Ch 19 Evolution and Classification

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University of Toronto Scarborough
Biological Sciences
Ivana Stehlik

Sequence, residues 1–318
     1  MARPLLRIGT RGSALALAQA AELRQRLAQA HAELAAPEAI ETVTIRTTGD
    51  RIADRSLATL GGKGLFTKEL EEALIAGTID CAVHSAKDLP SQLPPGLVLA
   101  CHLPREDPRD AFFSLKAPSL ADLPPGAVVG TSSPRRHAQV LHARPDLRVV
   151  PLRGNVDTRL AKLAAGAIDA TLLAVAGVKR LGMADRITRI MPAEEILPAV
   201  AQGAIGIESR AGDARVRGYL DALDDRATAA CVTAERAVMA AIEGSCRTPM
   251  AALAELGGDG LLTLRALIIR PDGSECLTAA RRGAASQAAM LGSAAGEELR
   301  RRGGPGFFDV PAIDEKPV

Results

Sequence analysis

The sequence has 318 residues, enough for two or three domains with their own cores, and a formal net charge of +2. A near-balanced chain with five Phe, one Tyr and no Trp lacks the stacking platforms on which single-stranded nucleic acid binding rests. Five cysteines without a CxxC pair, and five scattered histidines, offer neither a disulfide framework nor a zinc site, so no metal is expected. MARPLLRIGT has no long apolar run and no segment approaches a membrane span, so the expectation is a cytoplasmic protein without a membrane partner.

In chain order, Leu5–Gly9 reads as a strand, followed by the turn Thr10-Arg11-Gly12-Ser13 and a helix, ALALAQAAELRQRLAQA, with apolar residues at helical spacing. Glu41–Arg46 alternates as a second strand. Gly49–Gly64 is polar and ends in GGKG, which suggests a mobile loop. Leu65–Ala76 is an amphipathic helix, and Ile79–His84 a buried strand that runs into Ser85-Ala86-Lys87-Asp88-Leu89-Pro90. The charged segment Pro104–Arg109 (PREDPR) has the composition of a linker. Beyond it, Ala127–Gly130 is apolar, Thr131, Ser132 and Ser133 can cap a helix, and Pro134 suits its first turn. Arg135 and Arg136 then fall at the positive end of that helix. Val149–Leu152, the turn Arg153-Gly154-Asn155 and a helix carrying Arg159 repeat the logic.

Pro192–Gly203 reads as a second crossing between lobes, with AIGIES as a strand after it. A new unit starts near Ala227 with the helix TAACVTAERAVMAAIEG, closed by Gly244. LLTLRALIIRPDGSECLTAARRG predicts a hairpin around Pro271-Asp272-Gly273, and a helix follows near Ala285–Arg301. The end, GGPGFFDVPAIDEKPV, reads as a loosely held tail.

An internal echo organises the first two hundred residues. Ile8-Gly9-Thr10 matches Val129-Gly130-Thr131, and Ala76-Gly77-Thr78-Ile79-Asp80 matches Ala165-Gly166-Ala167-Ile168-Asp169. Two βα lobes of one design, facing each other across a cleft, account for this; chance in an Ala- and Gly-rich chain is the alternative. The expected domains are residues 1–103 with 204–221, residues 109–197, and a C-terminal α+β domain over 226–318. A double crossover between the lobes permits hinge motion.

Ch 19 Evolution and Classification  Determining evolutionary relationships btw organisms and deciding if similar structures or similar-looking structures are grounds for grouping species together  Convergent (or parallel) evolution: tendency among organisms living under the same conditions to develop similar body forms o Parallel or convergent depending on evolutionary relatedness of organisms involved o Convergent evol. refers to more distantly related organisms o Parallel evol. refers to more closely related ones  Similarity(resemblance) in appearance does not always mean relatedness  biologists classify (and name) organisms based on features o morphological traits, chromosomal anatomy, gene sequences, physiological functioning, morphology of sub-cellular structures and behaviour patterns 19.2 Systematic Biology: An Overview (Pg 422)  Systematics : analytical approach for studying the diversity of life and evolutionary relationships o identify, describe, classify and name organisms based on evolutionary relationships  Two goals of systematic: reconstruct phylogeny and taxonomy  Phylogeny: evolutionary history of a group of organisms o Phylogenetic tree  Formal hypotheses identifying likely relationships among species  Allows us to distinguish similarities inherited from a common ancestor from those that evolved independently in response to similar environments  Taxonomy: identification and naming of species and their placement in a classification o ordered division of organisms into categories based on a set of characteristics used to assess similarities and differences o uses binomial nomenclature  two-part format of the scientific name of an organism  developed by Carolus Linnaeus (mid-1700’s)  binomial name of an organism or “scientific epithet”  is the genus and species  is latinized  is italicized or underlined o Classification: arrangement of organisms into hierarchical groups that reflect their relatedness o Most Systematists want classifications to mirror Phylogenetic history and adaptive radiation (evolutionary history) of group of organisms  Gynogenetic: the process whereby a sperm fertilizes an ovum, but does not contribute genetic material to the resultant zygote.  Androgynous: Partly male and partly female in appearance; of indeterminate sex. o Having the physical characteristics of both sexes; hermaphrodite. 19.3 The Linnaean System of Classification (Pg 424)  Established by Carolus Linnaeus  Taxonomic hierarchy: arranging organisms into ever more inclusive categories. o Species, genus, family, order, class, phylum, kingdom, domain  King Philip came over for great spaghetti. o Life on earth is classified into 3 domains. o Taxon: organisms included within any category of taxonomic hierarchy  Next step is to determine which species are most closely related to one another. o Want to know which characteristics some species have in common and can be used to place the species in the same genus and family 19.4 From Classification to Phylogeny (Pg 425)  for at least 200 years (before Darwin), biologists relied on organismal traits (mainly morphology) when analyzing and classifying organisms - taxonomy  after Darwin – biologists wanted to include evolutionary history of a species = phylogeny  biologists now use systematics o an analytical approach to understand the diversity and relationships of organisms  After Linnaeus, they developed phylogenies based on chromosomal anatomy, details of physiological functioning, morphology of subcellular structures, cells, organ systems and whole organisms, and patterns of behavior  Today systematists also use molecular sequences of nucleic acids and proteins as additional characters when deriving phylogenies  19.5 Evaluating Systematic Characters (Pg 425)  systematics - provides essential information for all of the biological sciences o provides data for testing for homologous vs. analogous relationships  systematists study traits in which phenotypic variation reflects genetic differences. o Exclude diff caused by env. Conditions  Systematic characters: o Must be genetically independent, reflecting diff parts of organisms’ genomes  Necessary because diff organismal characters can have the same genetic basis.  Want to use each genetic variation only once in an analysis  Example: two foots, toes (pads on lizards). Both right and left toe coded by same genes, therefore choose only one as systematic character  Homologous characters: useful in preparing phylogenies o Emerge from comparable embryonic structures and grow in similar ways during development  Systematists have put great stock in embryological indications of homology on the assumption that evolution has conserved the pattern of embryonic development in related organisms. o Such phenotypic similarities btw organisms reflect underlying genetic similarities o Systematic analyses rely on the comparison of homologous characters as indicators of common ancestry and genetic relatedness o Homologous structures where their function has changed can differ considerably among species  Analogous characters: homoplasious (homoplasies): phenotypic similarities that evolved independently in different lineages. o Similar function in diff species o Systematists exclude homoplasies from their analyses because homoplasies provide no information about shared ancestry.  Mosaic evolution o Refers to reality that in all evolutionary lineages, some characteristics evolve slowly, whereas others evolve rapidly. o It is pervasive: (esp. of an unwelcome influence or physical effect) Spreading widely throughout an area or a group of people. o Every species displays a mixture of ancestral characters (old forms of traits) and derived characters (new forms of traits). o A "derived character" is a trait that arose in the most recent common ancestor of a particular lineage and was passed along to its descendants.  Among a given group of organisms, the shared derived characters are generally the less common characters.  The evolutionary interpretation is that these characters of organisms are more recently evolved. They are contrasted with primitive characters. Shared derived characters should have the same structure and function. o Derived characters provide the most useful information about evolutionary relationships because once a derived character becomes established, it is usually present in all of that species’ descendants.  Unless they are lost or replaced by newer characters over evolutionary time, derived characters can serve as markers for entire evolutionary lineages.  Systematists score characters as either ancestral or derived only when comparing them among organisms o Any particular character is derived only in relation to what occurs in other organisms  Older version of same character or an entirely new trait, absence of it altogether o Example: most species of animals lack a vertebral column (backbone)  Systematists compare vertebrates with all animals lacking vertebral column  Absence of vertebral column = ancestral condition  Presence of vertebral column= derived  Fossils of earliest animals lack backbones. o Systematists distinguish between ancestral and derived characters to ascertain in which direction a character has evolved.  Outgroup comparison: comparing the group under study with more distantly related species not otherwise included in the analysis o Used to identify ancestral and derived characters o Example: butterflies mostly have 6 walking legs, two families have 4 walking and 2 nonwalking legs  Outgroup comparison with other insects (most which have 6 walking legs as adults) show that 6 legs is the ancestral character and 4 walking legs and 2 non walking legs is a derived character. 19.6 Phylogenetic Inferences and Classification (Pg 427)  Phylogenetic trees portray the evolutionary diversification of lineages as a hierarchy that reflects the branching pattern of evolution o Each branch rep the descendants of a single ancestral species  When converting Phylogenetic tree into a classification, Systematists use the principle of monophyly  Monophyletic taxa: those derived from a single ancestral species  Polyphyletic taxa: includes species from separate evolutionary lineages  Paraphyletic taxon: includes an ancestor and some but not all of its descendants o Eg class reptiles  Most Systematists strive to create parsimonious Phylogenetic hypothesis. o Include fewest possible evolutionary changes to account for diversity with